Patron of Arts and Letters and Political Activist
Isabella d'Este distinguished herself during the Italian Renaissance as an avid patron of the arts and as a consummate politician. Variously referred to as the "First Lady of the Renaissance" and as a "Machiavelli in skirts," Isabella d'Este endeavored to live life on her own terms, cultivating the recognition and admiration of artists and writers, statesmen and Popes. While historians disagree as to which of Isabella's interests deserve the most recognition--her cultural patronage or her political intrigues--they agree that she pursued both activities with remarkable vigor.
Despite being the eldest child of Ercole d'Este, Duke of Ferrara ( 1431-1505), and his wife, Leonora of Aragon ( 1455-1493), Isabella d'Este's future did not include, as it would have if she had been a first-born son, ruling the independent Italian city-state of Ferrara. Instead, Duke Ercole arranged a politically advantageous marriage for his daughter with Francesco Gonzaga ( 1466-1519), the son of and heir to the ruling dynasty in Mantua. Because of its strategic location, an alliance between Ferrara and Mantua could help protect Ferrara against the Venetians' desire to expand their territory into the mainland. The marital alliance would also help Ferrara maintain its sovereign status, by strengthening its ties to the neighboring state of Mantua. Duke Ercole formally announced the engagement of Isabella and Francesco in May 1480. Ten years later, at the age of sixteen, Isabella d'Este became Marchesa of Gonzaga.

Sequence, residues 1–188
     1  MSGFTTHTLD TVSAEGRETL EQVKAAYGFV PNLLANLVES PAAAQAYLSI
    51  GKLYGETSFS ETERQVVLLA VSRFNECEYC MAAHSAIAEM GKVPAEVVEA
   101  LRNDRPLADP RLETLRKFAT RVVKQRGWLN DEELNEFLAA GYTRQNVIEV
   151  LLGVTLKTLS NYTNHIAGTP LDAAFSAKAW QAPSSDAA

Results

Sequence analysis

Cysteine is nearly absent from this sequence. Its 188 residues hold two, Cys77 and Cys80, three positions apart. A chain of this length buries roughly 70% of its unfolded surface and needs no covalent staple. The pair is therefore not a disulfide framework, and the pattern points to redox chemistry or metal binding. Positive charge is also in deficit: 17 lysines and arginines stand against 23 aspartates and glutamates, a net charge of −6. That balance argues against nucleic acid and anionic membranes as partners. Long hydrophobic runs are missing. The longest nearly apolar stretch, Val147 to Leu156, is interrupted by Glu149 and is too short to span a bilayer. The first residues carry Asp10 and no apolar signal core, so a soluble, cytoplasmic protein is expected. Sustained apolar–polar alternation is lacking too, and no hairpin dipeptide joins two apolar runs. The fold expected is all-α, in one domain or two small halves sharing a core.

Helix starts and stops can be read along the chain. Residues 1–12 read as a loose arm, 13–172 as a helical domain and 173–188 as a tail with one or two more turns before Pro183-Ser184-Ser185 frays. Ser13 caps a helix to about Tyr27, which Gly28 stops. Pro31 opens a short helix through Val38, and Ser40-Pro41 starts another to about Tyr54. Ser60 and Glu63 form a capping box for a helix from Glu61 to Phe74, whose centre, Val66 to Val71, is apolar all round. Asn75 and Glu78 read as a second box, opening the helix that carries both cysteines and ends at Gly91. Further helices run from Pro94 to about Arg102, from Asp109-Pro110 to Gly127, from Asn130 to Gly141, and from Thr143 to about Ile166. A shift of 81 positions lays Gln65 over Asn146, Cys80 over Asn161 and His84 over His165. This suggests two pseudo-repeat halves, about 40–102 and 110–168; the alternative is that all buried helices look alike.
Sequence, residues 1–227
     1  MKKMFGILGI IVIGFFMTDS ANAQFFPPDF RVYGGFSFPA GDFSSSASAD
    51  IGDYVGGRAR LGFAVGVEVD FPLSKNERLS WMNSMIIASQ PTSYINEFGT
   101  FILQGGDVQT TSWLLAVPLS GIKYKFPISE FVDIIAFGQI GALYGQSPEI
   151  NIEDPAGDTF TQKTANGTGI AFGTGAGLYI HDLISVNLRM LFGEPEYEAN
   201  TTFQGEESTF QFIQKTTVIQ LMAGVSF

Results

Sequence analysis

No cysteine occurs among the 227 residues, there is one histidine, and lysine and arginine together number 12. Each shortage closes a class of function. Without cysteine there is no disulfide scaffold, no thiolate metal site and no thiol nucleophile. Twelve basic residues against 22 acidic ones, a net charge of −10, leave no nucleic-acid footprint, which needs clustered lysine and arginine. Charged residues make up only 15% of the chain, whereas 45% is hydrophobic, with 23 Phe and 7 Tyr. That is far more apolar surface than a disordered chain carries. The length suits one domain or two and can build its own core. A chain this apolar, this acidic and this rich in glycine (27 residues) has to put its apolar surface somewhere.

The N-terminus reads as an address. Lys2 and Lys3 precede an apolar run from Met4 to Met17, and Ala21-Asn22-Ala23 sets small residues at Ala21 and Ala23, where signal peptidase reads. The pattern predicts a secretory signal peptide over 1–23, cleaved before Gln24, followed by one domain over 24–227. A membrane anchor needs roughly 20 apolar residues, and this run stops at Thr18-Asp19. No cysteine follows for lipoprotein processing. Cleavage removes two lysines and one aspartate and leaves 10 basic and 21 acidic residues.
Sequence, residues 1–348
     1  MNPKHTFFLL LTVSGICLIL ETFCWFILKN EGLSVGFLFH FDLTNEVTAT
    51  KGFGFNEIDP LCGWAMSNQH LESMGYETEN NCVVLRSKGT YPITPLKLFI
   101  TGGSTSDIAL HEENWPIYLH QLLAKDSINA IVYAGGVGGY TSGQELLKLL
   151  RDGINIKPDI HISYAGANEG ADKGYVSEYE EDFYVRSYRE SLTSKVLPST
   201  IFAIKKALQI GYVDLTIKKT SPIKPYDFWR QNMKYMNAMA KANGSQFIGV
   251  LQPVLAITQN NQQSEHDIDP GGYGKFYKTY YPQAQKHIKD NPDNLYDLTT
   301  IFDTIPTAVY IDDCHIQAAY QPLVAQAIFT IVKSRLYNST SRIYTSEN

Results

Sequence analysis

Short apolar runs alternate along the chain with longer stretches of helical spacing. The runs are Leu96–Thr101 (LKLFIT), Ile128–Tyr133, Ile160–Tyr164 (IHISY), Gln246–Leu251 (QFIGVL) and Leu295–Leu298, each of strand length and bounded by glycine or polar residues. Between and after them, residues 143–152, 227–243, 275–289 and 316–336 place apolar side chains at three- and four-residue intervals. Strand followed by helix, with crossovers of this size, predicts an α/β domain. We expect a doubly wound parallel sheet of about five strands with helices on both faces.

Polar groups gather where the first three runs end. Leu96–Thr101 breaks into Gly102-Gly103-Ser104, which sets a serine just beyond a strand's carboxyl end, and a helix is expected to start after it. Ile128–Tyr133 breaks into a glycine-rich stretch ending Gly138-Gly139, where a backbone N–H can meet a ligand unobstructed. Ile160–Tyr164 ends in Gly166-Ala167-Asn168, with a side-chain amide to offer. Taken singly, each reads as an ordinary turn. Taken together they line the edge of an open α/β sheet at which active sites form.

Upon arriving in Mantua, Isabella forged her most enduring friendship with Francesco's sister, Elisabetta Gonzaga Montefeltro, Duchess of Urbino ( 1471-1526). Elisabetta suggested by her own example how a lady at her social level should conduct herself. After visiting Elisabetta's court at Urbino, a renowned cultural center, Isabella strove to entice intellectuals and artists to participate in Mantua's courtly activities. Isabella then embarked upon a lifelong